In terms of his political ideology, Connolly attempted to integrate Marxist thought within the history and political thought of Irish nationalism. Like Fintan Lalor, he argued that Gaelic Ireland had been a communal society, and that genuine independence would necessitate not only the undoing of British rule but also British capitalism. His central, and enduring, legacy was to bring the divergent forces of socialism and Irish nationalism in the struggle for Irish independence.
Like Pearse, Connolly underwent period of radicalisation prior to the Rising. The events of the Great War had disillusioned Connolly who had believed that the international solidarity of workers would prevent a European war. It was partly as a result of this disillusionment that Connolly threw in his lot with the advanced nationalists whom he had previously criticised.
By July 1915 he was in contact with physical-force nationalists and, in early 1916, he was co-opted onto the IRB’s Military Council. By this time Connolly’s rhetoric had begun to resemble that of Patrick Pearse. On one occasion, for example, he wrote that ‘no agency less potent than the red tide of war on Irish soil will ever be able to enable the Irish race to recover its self-respect . . . we recognise that of us, as of mankind before Calvary, it may truly be said: “Without the shedding of Blood there is no Redemption.”’
Connolly’s biographers have struggled to reconcile such rhetoric with his atheistic Marxist background. Some socialists have criticised Connolly for submerging his ‘red’ ideals in a ‘green’ revolution. Connolly was aware of the dangers of this, but felt that it was only through an alliance with advanced nationalists that Redmond’s Irish Party could be effectively challenged. He also hoped that a successful Irish revolution might send shock-waves throughout war-weary Europe, in much the same way as the Russian Revolution would in 1917.
One of Connolly’s most influential biographers, Austen Morgan, resolves the contradictions between Connolly’s socialism and nationalism by arguing that rather than combining both ideologies Connolly effectively deserted socialism. Morgan concluded that Connolly died without leaving a distinctive socialist project intact, and that his legacy was to ensure that Irish socialism would remain subordinate to the conservative forces of Irish nationalism.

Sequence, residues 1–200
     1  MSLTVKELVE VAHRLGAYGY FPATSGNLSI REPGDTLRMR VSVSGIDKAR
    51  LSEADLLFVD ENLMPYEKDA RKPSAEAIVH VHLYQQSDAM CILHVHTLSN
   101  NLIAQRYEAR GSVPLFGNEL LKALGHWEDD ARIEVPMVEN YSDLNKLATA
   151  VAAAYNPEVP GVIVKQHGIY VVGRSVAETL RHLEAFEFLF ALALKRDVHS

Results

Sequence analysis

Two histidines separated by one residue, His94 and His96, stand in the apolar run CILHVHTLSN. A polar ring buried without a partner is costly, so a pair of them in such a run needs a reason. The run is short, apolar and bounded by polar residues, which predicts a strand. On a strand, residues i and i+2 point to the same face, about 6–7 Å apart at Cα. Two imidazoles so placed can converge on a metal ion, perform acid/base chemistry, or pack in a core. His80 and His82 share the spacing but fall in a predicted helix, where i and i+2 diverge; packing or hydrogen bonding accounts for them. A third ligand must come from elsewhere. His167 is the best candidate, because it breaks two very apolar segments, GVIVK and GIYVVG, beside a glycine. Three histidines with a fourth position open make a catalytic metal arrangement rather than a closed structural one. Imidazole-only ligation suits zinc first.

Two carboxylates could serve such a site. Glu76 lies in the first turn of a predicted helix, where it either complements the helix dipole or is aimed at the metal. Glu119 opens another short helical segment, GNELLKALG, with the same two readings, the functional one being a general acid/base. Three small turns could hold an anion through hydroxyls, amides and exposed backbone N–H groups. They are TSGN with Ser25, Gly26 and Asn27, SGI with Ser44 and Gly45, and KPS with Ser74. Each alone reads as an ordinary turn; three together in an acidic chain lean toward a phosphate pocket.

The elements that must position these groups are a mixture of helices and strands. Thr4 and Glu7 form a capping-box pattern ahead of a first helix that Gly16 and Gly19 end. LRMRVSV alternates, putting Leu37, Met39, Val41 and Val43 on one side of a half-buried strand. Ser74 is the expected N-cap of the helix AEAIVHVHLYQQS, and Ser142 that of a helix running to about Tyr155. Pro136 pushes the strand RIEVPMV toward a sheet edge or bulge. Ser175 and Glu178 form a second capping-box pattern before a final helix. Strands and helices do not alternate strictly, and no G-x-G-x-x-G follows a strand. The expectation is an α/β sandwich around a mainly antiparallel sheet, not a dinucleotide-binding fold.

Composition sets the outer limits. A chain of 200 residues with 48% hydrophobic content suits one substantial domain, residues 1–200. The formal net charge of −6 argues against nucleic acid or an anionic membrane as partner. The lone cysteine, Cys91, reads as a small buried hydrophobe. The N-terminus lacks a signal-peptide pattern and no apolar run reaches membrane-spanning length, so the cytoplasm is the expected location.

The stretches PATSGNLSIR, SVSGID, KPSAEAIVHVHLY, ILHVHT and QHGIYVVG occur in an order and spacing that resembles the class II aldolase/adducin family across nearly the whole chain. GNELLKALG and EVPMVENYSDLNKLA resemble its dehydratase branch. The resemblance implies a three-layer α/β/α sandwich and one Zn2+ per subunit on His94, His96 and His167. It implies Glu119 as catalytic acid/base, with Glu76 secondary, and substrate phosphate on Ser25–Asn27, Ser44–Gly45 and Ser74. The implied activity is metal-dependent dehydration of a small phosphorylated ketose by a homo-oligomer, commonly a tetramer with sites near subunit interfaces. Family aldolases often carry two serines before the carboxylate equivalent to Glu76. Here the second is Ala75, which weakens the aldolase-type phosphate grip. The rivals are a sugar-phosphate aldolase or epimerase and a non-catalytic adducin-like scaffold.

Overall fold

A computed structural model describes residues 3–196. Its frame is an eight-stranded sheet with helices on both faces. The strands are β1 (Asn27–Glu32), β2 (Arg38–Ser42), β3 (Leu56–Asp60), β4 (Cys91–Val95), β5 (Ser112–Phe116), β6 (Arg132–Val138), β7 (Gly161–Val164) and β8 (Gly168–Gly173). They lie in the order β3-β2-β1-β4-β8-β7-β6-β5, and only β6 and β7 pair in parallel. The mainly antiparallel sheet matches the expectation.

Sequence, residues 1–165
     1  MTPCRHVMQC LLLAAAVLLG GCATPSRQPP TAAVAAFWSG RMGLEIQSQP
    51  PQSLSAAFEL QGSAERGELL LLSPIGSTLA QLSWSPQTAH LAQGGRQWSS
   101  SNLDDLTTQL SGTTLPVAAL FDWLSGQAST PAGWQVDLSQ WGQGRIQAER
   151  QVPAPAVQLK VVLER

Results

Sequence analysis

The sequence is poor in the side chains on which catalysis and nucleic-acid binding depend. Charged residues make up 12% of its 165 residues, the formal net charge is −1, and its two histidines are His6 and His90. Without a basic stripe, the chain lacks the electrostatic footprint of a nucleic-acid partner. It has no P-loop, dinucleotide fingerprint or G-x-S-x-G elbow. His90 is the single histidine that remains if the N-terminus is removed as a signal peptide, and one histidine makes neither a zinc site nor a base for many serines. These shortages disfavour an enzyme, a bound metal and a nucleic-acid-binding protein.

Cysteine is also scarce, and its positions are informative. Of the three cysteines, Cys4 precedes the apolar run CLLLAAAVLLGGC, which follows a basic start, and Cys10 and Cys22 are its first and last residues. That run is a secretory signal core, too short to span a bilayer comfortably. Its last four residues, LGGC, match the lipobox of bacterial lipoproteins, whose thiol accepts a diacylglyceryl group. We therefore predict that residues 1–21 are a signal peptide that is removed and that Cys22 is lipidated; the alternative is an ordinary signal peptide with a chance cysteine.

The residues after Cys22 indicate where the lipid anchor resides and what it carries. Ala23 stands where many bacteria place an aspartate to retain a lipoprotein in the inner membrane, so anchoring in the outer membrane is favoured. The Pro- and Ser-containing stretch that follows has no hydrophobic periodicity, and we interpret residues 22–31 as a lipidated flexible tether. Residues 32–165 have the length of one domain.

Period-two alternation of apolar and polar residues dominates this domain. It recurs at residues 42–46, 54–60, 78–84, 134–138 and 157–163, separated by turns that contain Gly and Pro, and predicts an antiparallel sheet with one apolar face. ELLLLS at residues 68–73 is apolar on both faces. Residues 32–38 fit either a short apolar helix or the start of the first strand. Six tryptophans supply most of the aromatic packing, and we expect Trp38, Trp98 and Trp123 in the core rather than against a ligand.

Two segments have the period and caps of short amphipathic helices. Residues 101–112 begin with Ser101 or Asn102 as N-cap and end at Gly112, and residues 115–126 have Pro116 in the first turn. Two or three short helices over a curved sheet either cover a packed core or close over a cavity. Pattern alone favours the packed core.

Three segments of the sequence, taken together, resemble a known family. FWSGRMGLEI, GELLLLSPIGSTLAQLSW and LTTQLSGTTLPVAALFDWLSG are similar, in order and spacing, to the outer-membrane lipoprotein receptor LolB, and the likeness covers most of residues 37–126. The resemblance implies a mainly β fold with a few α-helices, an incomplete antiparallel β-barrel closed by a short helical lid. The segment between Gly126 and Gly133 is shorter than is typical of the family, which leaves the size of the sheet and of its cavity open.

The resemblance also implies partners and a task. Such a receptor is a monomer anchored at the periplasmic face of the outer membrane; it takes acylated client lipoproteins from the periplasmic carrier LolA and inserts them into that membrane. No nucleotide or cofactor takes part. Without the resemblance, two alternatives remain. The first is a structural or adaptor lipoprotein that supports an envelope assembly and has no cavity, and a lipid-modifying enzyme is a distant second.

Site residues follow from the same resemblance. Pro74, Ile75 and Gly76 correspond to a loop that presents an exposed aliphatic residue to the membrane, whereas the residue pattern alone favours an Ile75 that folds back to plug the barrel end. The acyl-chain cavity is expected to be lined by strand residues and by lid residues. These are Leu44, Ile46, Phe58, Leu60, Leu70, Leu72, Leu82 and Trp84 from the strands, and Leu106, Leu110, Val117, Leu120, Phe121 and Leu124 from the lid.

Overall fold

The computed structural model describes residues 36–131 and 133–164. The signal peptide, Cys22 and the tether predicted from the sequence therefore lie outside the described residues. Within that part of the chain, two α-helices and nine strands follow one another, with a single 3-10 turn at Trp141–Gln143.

The military plans of the rebels – allegedly devised by Joseph Plunkett while playing toy soldiers as a child – have been much criticised by historians and other observers. Most of the rebel leaders lacked military expertise. The location selected as the headquarters of the rebellion, the General Post Office, had little strategic or symbolic value. In contrast, and despite their vulnerability, the rebels failed to capture the more strategic Trinity College or symbolic Dublin Castle, the seat of British power.
The unfolding of the Rising would suggest that the intention was to register a bloody protest rather than secure a military victory. The strategy, consisting of occupying a series of prominent buildings and awaiting the arrival of British forces, implied a certain air of defeatism.
However, as with most issues related to the Rising, a variety of viewpoints existed among the rebels. While some of the rebel leaders craved military action at any cost, and had reconciled themselves to martyrdom, the efforts made by Joseph Plunkett and Roger Casement in Germany pointed to the serious nature of the Military Council’s attempts to secure German assistance. In their history of the Easter Rising, Michael Foy and Brian Barton argued that the ‘Ireland Report’, the lengthy memorandum submitted by Plunkett and Casement to the German authorities, represented ‘a detailed and cogent analysis of the conduct of a successful military campaign whose unmistakable objective was the complete destruction of British political and military power in Ireland’.
In other words, not all the rebel leaders subscribed to the notion of a ‘blood sacrifice’. While figures such as Pearse, Plunkett and MacDonagh, poets whose writings revelled in the prospect of a messianic self-sacrifice that might later redeem the Irish people, their more hard-headed Fenian partners in the conspiracy, such as Thomas Clarke and Seán MacDermott, had a more practical outcome in mind. Hence, to understand why the Rising was such a military failure, we must consider the chain of events leading up to Easter Monday.
VI. The failure of the RisingBACK TO TOP
The Military Council’s optimistic aspirations to mount a serious military challenge to Britain, then the most powerful military Empire in the world, rested on a number of elements falling into place. The failure of each of these meant that the Rising was doomed before it began. However, this only became apparent in the final days before the Rising.